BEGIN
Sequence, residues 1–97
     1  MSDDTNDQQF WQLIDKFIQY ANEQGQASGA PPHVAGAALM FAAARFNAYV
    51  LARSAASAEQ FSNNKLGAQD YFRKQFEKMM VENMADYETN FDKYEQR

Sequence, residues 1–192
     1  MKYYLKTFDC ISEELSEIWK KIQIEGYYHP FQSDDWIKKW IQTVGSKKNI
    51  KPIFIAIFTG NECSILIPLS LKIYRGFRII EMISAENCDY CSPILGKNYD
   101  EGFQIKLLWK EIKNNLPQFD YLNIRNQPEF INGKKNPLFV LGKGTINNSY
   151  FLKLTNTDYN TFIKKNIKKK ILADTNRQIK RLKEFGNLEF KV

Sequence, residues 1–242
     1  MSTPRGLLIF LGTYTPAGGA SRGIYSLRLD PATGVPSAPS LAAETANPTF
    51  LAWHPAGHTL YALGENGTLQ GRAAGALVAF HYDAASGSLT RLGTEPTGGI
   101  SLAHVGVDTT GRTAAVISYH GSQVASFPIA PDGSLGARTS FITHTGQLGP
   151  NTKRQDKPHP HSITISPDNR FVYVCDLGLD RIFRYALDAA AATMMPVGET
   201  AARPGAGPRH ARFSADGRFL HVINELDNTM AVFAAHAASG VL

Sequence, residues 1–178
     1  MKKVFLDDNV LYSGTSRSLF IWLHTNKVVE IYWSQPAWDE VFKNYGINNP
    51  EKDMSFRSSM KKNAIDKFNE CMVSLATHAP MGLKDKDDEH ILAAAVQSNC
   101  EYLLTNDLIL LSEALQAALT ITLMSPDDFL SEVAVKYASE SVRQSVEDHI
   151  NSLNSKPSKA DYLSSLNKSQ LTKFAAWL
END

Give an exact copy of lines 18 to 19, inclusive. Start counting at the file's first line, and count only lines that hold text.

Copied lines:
   101  EYLLTNDLIL LSEALQAALT ITLMSPDDFL SEVAVKYASE SVRQSVEDHI
   151  NSLNSKPSKA DYLSSLNKSQ LTKFAAWL